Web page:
Maybe no player has worked the system better than Darius Bazley, one of the top prep players of the 2018 class. After “committing” first to Ohio State and then Syracuse, Bazley changed his mind and announced he would play in the G League. That didn’t happen either. According to The New York Times, after signing with agent Rich Paul, “Paul … arranged for Bazley to spend the heart of the college basketball season — January, February and March — as an intern at New Balance. The internship … is folded into a handsome shoe contract Bazley, 18, has landed with New Balance on the lure of his pro potential.

According to Paul, Bazley’s multi-year deal will pay him $1 million “no matter what happens” with his NBA career — and can pay up to $14 million if he reaches all performance incentives.” The Utah Jazz made Bazley the 23rd pick of the 2019 draft and immediately traded him to Oklahoma City.

Marjon Beauchamp announced last summer that he will skip college and instead undertake a year-long training program to prepare for the 2020 draft. He said he thought a year of training on his own would prepare him better for the NBA than college. Consider that another slap in the face for the college game.

Not surprisingly, many aspiring high school players are overshooting their mark. Some 233 players declared for the 2019 draft, including 175 college underclassmen. Only 60 players can be drafted. The others passed up a free college education.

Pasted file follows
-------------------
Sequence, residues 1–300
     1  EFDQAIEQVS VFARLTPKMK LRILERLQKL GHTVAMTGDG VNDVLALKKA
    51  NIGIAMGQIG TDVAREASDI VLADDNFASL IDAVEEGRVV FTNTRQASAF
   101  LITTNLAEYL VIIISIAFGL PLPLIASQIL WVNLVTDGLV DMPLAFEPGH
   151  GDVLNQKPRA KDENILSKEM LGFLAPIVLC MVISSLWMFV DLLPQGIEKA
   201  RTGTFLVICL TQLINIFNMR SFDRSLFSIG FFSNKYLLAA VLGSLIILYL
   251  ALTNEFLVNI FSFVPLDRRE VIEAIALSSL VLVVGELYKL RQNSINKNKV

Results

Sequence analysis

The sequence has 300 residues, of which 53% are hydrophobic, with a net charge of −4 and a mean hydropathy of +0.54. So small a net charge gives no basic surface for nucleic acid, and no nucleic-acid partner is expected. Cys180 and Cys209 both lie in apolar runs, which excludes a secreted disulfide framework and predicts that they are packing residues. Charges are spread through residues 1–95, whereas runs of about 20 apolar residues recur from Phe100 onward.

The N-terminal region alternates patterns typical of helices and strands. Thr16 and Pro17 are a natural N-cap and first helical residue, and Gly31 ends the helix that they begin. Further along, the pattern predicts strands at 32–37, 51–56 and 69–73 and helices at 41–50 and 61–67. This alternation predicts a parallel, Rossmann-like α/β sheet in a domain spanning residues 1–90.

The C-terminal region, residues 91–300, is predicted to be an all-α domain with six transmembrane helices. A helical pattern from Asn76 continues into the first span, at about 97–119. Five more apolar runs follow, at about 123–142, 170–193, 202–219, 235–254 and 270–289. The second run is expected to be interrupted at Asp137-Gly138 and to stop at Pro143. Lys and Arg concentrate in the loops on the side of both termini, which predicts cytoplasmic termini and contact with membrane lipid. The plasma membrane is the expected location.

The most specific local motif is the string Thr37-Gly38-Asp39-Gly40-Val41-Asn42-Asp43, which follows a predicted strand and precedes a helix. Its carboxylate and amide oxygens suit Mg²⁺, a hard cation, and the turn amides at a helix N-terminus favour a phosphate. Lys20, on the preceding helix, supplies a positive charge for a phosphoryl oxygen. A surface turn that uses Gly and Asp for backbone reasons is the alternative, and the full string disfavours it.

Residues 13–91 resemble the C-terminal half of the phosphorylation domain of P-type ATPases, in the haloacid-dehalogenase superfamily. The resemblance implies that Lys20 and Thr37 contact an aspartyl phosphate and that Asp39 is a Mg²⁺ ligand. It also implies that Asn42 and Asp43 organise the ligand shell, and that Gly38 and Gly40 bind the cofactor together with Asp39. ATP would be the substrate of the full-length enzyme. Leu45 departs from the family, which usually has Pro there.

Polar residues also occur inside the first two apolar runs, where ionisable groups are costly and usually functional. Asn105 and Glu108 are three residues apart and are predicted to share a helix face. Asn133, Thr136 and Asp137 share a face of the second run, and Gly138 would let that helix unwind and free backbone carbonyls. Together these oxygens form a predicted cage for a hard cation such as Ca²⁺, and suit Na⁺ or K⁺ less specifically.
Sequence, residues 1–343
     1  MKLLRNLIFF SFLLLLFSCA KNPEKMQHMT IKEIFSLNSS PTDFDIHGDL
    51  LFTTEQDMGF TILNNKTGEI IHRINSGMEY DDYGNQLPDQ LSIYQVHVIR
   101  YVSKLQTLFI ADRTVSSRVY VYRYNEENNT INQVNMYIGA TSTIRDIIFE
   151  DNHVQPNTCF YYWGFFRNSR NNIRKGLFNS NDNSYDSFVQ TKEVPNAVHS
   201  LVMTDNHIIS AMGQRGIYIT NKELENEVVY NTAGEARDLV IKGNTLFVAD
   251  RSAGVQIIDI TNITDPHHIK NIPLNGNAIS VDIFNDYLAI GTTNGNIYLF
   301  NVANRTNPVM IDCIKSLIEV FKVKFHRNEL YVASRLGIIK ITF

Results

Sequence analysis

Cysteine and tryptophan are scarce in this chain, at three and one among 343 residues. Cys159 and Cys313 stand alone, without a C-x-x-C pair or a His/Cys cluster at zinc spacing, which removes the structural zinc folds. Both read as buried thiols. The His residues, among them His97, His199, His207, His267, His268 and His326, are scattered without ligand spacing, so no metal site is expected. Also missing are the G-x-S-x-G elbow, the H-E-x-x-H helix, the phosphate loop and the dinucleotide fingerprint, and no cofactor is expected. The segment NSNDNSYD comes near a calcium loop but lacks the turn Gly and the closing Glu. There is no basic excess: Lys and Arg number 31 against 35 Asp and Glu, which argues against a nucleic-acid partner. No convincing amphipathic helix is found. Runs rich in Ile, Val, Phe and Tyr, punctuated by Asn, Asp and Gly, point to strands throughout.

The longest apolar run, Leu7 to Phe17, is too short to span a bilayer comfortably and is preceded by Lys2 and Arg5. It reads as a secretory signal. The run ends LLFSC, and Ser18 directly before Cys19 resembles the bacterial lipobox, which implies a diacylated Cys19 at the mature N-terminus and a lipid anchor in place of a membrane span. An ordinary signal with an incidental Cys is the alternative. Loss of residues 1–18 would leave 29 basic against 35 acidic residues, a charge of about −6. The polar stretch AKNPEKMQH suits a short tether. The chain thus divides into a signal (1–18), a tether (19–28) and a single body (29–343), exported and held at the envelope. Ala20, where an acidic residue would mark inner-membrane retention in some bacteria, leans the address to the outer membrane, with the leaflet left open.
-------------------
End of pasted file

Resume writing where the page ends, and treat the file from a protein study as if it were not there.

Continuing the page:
It’s easy to see why the quality of the college game is suffering and why there are few great teams (there are none this season). But the quality of NBA play will also suffer, if it hasn’t already. The NBA is biting the hand that feeds it with the creation of a development league and lowering the minimum age requirement to 19 and, soon, 18.

While the NFL has a sweetheart arrangement with college football — a free farm system — and treats it accordingly, the NBA is breaking out on its own and pilfering college basketball.

The NCAA brought part of this on itself with its arcane rules regarding agents and money and control over so many aspects of their career pursuits. Let’s face it: Anything that causes grief for the NCAA is not necessarily a bad thing.

The NBA also brought this onto the college game, as well, by caving to political pressure to allow teenagers into the league. You can decide if that’s a good decision or bad — whether it’s right to prevent teens from pursuing a living or whether it’s right to require experience and education just as most other vocations require from aspiring college graduates.

How do you balance their right to earn a living with the responsibility of determining if they are physically and emotionally ready to handle 82-game NBA seasons and all that comes with it. Luka Doncic, already the best player in the NBA at the age of 20, has been playing professionally since he was 13 in his native Slovenia, skipping any school-affiliated play. He is thriving, but he is probably the exception. There are plenty of sad stories out there of young pro players who foundered.

If the NBA age rule was originally designed to keep students in school, however briefly, it is failing. Meanwhile, it certainly has impacted the college game on the court and off (think of the lost revenue that superstars bring to a school and to the NCAA).

This is not necessarily a bad thing. Perhaps the college game will return to a more team-oriented style of play, without relying on stars. Perhaps we will see more and more teams like the one at BYU, which is thriving on old-fashioned unselfish play, without future NBA stars.

The next few years promise to continue the alteration of college basketball in a big way.